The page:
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Singapore Budget 2018: PwC proposes government raise threshold for personal income tax to S$40,000 in its Budget 2018 wishlist

PROFESSIONAL services firm PwC is asking the government to help the middle class in Singapore by raising the income threshold for personal income tax to S$40,000 from S$20,000 currently, in its wishlist for next year's budget.

Under the current progressive tax regime, taxable income beyond the first S$20,000 is taxed at graduated rates ranging from 2 per cent to 22 per cent. PwC would like to see the lowest two bands removed, with personal tax to start applying only to the first S$40,000 of taxable income.

The firm is also suggesting the S$80,000 cap on working mother's child relief be lifted to encourage married women to continue working. The unpopular cap was introduced in last year's budget. Tax experts said then that working mothers earning above S$150,000 with at least two children would likely end up paying more tax.

PwC also proposed introducing other reliefs - such as for medical insurance to encourage taxpayers to take up medical insurance policies to supplement their Medishield coverage, and for foreign maid levy to taxpayers who employ helpers to care for their elderly parents or parents-in-law. The firm also suggested that reimbursement of medical and dental care to an employee's parents and parents-in-law not be treated as taxable benefits. This now only applies to the employee, his or her spouse and children.

These were among the recommendations PwC said on Wednesday it has submitted to the Ministry of Finance and the Monetary Authority of Singapore for consideration for the upcoming Singapore Budget 2018.

But most of the firm's proposals have to do with helping Singapore businesses embrace digital disruption and encouraging innovation and enterprise.

Key among them was a call to enhance the writing down allowance for acquisition of intellectual property, and enhancements on the research and development (R&D) front to promote the creation of a more conducive environment to anchor high value added activities and intellectual property ownership (IP) in Singapore.

There were also proposals to encourage local businesses to reinvent themselves to expand their footprint locally and overseas including enhancing the double deduction for internationalisation and tax concessions for training and to help companies "go digital".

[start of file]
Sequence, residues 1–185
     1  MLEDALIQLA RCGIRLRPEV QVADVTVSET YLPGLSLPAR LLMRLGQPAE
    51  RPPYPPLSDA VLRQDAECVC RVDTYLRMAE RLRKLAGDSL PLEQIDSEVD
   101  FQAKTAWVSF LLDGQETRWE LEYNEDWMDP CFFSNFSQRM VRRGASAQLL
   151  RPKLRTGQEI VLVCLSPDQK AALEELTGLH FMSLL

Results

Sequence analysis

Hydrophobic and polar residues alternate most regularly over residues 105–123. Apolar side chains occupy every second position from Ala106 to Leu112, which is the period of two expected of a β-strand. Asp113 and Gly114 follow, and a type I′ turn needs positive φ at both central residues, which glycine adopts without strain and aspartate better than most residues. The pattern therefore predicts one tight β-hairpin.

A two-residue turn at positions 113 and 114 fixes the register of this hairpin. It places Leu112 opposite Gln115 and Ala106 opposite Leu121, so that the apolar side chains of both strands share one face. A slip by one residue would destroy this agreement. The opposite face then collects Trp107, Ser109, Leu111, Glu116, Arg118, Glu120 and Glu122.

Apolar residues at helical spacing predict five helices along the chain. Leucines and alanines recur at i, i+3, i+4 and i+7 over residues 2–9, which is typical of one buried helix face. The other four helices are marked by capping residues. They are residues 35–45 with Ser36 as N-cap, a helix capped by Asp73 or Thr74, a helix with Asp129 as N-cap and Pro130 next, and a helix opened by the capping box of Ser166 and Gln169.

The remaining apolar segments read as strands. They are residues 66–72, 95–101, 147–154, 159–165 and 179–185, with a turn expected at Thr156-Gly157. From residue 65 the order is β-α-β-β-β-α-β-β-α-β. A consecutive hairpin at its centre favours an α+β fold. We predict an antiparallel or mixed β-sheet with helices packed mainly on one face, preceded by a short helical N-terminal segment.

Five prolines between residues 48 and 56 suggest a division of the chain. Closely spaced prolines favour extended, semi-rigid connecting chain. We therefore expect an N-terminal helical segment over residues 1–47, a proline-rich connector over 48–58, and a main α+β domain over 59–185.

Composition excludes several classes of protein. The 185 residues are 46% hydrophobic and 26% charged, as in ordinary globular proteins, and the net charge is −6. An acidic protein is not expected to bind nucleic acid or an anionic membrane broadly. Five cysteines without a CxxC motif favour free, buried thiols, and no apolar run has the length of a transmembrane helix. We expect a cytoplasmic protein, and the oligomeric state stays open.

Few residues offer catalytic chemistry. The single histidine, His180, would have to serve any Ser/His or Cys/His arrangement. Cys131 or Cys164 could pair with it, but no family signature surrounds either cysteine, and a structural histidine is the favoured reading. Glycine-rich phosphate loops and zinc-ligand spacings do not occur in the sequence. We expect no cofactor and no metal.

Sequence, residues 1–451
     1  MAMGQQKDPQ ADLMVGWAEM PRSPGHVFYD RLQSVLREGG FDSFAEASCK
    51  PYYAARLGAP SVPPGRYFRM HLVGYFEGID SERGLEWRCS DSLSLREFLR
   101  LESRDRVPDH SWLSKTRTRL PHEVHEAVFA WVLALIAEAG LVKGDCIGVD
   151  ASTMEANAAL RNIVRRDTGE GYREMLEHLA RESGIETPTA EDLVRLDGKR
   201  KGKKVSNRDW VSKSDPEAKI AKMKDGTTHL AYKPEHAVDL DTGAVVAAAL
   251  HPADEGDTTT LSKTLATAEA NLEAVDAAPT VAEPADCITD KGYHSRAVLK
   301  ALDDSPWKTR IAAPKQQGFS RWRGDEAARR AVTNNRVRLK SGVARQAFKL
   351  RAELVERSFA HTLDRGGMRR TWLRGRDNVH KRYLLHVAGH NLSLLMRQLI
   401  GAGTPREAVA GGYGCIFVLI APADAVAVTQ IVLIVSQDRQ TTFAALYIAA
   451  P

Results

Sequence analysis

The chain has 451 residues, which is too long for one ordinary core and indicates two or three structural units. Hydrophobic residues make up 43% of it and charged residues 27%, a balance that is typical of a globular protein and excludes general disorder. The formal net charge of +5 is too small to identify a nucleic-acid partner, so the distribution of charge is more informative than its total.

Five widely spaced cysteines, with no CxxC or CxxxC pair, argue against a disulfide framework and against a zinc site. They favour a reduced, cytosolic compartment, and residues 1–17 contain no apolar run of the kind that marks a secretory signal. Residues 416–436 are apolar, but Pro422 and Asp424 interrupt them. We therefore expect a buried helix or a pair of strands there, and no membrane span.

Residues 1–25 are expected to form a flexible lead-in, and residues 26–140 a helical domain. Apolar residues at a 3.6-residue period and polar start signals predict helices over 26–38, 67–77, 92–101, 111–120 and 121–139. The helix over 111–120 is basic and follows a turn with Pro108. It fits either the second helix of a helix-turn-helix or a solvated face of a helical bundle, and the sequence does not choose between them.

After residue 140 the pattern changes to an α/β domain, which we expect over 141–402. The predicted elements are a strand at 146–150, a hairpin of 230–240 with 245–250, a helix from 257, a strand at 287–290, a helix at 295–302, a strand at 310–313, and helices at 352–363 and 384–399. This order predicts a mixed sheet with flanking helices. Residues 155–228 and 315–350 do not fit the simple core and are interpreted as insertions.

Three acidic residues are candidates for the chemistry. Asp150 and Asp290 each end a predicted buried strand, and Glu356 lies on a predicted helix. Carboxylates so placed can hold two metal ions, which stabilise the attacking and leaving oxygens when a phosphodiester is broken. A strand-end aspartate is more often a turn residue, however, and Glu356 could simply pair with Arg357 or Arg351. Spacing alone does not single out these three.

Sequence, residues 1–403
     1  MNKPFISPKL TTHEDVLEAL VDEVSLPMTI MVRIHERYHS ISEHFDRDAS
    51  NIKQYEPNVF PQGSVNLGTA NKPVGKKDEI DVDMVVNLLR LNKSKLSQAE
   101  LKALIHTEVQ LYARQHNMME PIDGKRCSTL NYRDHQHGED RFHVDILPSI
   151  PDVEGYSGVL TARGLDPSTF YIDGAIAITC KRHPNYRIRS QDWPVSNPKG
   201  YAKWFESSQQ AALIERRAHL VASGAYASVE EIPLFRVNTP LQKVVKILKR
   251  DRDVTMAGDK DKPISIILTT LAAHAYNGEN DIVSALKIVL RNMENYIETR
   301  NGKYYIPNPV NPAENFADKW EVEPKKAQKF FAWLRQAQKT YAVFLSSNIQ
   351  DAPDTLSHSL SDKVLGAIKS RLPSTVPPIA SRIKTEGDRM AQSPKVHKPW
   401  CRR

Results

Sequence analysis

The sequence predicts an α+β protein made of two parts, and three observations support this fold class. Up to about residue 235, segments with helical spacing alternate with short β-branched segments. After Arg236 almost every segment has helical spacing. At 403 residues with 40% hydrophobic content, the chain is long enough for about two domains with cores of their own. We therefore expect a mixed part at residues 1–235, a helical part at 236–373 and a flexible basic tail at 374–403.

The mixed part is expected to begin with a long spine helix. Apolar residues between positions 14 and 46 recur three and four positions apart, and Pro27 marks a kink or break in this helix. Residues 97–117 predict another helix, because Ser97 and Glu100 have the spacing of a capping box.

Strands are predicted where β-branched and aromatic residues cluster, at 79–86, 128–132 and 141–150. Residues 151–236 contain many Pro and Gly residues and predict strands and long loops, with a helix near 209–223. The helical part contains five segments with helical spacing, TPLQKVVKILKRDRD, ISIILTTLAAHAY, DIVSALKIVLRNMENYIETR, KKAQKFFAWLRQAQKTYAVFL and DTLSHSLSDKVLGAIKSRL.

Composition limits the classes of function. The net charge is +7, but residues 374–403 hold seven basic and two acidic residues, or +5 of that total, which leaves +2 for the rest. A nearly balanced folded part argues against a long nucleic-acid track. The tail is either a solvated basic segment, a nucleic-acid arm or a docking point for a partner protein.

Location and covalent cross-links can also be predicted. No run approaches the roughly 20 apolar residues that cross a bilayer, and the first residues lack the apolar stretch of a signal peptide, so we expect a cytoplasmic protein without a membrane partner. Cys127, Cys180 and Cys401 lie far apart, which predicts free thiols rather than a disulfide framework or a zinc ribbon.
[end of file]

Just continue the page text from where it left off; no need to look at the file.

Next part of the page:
Chris Woo, PwC Singapore's tax leader, said: "These changes will help secure Singapore's future as a hub for businesses globally and achieve a truly high-value digital economy."

On IP reliefs, PwC said multinational companies may not be able to transfer full ownership of their IP to Singapore in the light of legal or commercial constraints. Nonetheless, they should be encouraged to locate activities relating to the management and control of their IP in Singapore and exploit it from here, as this will create economic spin-off for the Singapore economy.

The firm thus suggests that the writing down allowances for IP be extended to its "economic owner" in Singapore, without the need for prior approval from the Economic Development Board. This would bring Singapore in line with countries like Australia and Britain where no distinction is made between the economic and legal owner of IP.

It also called for qualifying R&D expenditure to enjoy a 200 per cent tax deduction, up from the 150 per cent that will apply with the expiry of the Productivity and Innovation Credit (PIC) scheme after year of assessment 2018, in order to keep Singapore competitively attractive. This incentive should also extend to R&D activities conducted overseas so long as the activities have a nexus to the Singapore business, such as the majority of the IP developmental activities to be carried out here or the IP developed out of the R&D towhat is be owned by a Singapore-based enterprise.

PwC also proposed a lower qualifying threshold for a tax incentive meant to attract venture capital (VC) funds to Singapore. The S$50 million fund size requirement for the 13X fund tax incentive is too high as VC funds tend to invest in smaller investees and are usually not able to meet this threshold, said PwC, calling for it to be lowered to S$10 million.

It also recommends the Government expand the list of designated investments to include trade receivables and major cryptocurrencies in circulation, arguing that as Singapore wants to be Asia's asset management hub it should attract funds with different strategies to be based here.

To help investors and companies in vulnerable sectors - given several high profile cases of bond defaults - PwC is also proposing that premiums for insuring against such default be added to the list of prescribed deductible borrowing costs. Thsi will encourage issuers of such debt to buy insurance against default, which will also protect investors.

On the topic of the goods and services tax, or GST, PwC did not weigh in on the hot-button issue of a GST hike. Economists and tax experts are expecting the GST to go up within the next few years, with an announcement expected as soon as Budget 2018, after comments by Prime Minister Lee Hsien Loong last month given growing government expenditure, "raising taxes is not a matter of whether, but when".

Instead, PwC made proposals on tweaking the rules for GST registration, simplifying GST tax invoices and extending GST concession to nonshare trades on overseas exchanges.

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